I approach a superhero movie even of such bracing invention as Spider-Man: Into the Spider-Verse with a significant degree of trepidation; it will be, after all, just another superhero movie whether good or bad, and I'm reluctant to accept them as constituting a legitimate genre of art in and of themselves. Each is possessed of distinct genre signifiers from elsewhere, while their common declarations of style and purpose are as banal as their least inventive iterations. Variations on a tedious theme, then, but Spider-Verse's theme is genuinely thrilling when it's given the space to properly express itself. After all, this is just another superhero movie, and its persistence in reverting back to the supposed demands of such banal purposes stymies the creativity that's otherwise in abundance here, but there are worse things a movie can do than leave its audience craving more of the good stuff. At least it has good stuff!
Spider-Verse's boldness is primarily stylistic; its formal and thematic concerns are meagre in similarly innovative qualities. Truly, I marvelled (no pun intended, for once) at the capacity of the filmmakers to weave magnificent displays of technical and visionary brilliance into familiar set-pieces and narrative cliches. With this much creativity bounding around inside a thin shell of schematic mundanity, there's an unwieldy condition to Spider-Verse's bountiful ingenuities - they seem to balloon into grand statements of artistic splendour from nowhere, though their objective quality is indisputable. The movie suffers from a commonplace characteristic of superhero stories today, as the over-saturation of origin tales has dissuaded their creators from indulging even their most essential requirements - the implication is that we know just fine how this is all meant to go, and crucial steps in these tales' developments are bypassed in favour of attempting something new. Thankfully, in Spider-Verse, those attempts largely pay off, but there lingers a sense that all this excellence is somewhat misplaced, maybe even under-emphasized.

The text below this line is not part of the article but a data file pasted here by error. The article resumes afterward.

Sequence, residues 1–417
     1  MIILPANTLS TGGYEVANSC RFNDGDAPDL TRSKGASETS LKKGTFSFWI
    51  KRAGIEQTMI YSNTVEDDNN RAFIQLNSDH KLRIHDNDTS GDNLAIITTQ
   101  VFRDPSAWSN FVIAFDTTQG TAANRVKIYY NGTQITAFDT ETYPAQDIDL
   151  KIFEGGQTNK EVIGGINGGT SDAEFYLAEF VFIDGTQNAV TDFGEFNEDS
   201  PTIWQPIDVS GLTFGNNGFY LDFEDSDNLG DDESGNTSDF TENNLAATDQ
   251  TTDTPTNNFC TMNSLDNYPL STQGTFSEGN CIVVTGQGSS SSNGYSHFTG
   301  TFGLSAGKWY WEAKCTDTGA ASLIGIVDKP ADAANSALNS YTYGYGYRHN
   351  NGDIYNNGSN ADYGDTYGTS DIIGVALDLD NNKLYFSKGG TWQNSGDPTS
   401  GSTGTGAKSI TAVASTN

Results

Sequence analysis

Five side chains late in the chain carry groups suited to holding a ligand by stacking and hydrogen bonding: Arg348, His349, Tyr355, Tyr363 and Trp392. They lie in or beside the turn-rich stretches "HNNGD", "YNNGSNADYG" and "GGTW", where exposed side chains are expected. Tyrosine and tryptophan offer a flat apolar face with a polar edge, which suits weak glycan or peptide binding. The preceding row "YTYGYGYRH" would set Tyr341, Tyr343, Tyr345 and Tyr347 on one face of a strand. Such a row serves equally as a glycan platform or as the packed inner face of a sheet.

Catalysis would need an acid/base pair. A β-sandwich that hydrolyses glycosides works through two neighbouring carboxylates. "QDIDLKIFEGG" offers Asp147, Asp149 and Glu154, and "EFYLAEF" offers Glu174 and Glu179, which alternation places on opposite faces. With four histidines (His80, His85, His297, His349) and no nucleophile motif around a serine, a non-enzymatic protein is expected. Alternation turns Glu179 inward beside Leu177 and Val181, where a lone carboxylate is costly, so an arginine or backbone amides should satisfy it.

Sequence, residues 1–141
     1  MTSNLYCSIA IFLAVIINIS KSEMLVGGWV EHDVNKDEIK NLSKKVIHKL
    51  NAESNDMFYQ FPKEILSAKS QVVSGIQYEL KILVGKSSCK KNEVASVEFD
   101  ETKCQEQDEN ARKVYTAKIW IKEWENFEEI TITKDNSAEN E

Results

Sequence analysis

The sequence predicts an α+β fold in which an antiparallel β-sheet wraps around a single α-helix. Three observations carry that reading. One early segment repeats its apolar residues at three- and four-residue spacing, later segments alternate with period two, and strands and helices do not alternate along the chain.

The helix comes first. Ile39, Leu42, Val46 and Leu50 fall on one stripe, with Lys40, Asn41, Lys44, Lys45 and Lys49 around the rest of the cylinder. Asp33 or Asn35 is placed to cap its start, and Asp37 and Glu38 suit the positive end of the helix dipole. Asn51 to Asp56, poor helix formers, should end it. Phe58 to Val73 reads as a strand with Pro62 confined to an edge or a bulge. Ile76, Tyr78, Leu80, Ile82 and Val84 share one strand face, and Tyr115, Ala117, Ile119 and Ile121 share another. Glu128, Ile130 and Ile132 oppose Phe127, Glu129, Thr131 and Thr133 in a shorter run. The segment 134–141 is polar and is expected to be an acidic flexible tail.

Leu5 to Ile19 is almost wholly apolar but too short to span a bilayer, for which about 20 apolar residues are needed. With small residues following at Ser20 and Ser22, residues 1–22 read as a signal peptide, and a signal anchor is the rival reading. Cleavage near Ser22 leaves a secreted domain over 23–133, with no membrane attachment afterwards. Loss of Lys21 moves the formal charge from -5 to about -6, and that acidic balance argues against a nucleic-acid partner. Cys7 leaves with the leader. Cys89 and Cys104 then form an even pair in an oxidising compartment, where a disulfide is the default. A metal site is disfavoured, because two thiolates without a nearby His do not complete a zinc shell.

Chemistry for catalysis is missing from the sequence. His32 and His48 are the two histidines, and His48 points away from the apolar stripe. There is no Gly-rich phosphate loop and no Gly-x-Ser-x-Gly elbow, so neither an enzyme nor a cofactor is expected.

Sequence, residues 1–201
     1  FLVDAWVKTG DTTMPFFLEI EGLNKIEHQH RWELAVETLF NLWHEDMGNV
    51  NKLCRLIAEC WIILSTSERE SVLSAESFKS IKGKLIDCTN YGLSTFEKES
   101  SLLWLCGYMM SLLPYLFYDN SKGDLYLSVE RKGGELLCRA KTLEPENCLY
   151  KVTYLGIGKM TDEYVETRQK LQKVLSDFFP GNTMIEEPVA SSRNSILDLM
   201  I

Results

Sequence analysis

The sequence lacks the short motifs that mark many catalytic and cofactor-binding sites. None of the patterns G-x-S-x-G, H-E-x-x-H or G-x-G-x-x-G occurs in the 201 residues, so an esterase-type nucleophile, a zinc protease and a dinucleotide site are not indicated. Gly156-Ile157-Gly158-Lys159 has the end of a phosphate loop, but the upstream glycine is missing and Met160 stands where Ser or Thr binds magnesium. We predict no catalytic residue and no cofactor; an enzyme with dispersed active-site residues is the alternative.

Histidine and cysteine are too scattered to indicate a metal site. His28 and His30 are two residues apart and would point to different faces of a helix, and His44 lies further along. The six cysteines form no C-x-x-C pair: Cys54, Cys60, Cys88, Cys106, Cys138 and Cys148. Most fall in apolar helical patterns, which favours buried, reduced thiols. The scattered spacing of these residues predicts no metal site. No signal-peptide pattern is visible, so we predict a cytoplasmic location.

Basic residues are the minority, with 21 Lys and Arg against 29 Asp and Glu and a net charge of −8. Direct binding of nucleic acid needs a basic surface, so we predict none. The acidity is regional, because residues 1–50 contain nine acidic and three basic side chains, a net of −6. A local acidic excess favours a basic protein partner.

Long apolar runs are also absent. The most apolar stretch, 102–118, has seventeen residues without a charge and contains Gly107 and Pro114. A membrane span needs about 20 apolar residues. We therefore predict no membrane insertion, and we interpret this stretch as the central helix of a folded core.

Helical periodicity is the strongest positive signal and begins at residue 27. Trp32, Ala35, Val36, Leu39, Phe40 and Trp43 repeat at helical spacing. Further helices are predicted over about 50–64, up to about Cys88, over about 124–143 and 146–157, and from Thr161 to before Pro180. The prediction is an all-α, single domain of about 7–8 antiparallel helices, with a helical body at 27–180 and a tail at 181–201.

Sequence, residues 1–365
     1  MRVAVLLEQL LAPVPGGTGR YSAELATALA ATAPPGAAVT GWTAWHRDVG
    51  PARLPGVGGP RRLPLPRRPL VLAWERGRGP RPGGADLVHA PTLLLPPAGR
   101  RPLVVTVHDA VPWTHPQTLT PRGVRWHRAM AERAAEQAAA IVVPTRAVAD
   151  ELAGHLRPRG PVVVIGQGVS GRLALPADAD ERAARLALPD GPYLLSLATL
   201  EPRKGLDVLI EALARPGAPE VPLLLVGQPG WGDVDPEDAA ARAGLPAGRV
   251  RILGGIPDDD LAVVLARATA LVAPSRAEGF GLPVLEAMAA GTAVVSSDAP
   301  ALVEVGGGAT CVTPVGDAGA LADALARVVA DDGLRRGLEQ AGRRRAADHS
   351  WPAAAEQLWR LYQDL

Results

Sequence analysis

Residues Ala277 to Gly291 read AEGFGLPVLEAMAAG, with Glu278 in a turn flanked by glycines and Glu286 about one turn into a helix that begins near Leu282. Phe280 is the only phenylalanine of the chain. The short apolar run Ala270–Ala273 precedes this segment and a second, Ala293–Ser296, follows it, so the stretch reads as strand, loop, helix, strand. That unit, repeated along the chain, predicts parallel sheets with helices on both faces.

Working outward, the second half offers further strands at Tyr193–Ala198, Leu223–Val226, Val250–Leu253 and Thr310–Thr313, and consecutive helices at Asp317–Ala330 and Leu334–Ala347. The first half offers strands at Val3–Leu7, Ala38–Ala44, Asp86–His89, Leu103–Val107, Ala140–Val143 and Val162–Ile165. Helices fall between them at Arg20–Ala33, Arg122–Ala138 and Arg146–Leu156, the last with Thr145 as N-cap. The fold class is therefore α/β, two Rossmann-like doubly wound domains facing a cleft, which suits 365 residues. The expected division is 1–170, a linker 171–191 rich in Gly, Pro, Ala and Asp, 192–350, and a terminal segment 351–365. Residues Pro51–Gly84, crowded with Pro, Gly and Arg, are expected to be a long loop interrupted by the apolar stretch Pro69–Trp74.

Yet excellence it still is, and gratifyingly accessible on repeat in our now well-established 21st Century instant culture, for which this fast-paced picture feels quite perfect. There's wondrous aesthetic wizardy in a forest-set action scene that recalls Zhang Yi Mou's Hero (albeit on an entirely different mode); the climactic sequence excuses its inevitably over-inflated scale with frame after frame that presents the filmmakers' vision in extraordinary glory, with backdrops and inserts containing more visual innovation than many entire movies. And if one really must insist on a purpose for this picture, its casting of a black Latinx as our principle Spider-Man is certainly not without consequence. I may have left Spider-Man: Into the Spider-Verse with much less trepidation than I approached it with, but a superhero movie it remains both on paper and in spirit. Something radical needs to occur if this so-called genre is to establish itself as something as legitimate and valuable to cinema as any other genre - the Western, the film noir, the rom-com come to mind. For all the radicalness of its vision, Spider-Verse contains that vision within a time-worn template whose own radicalness is long spent.
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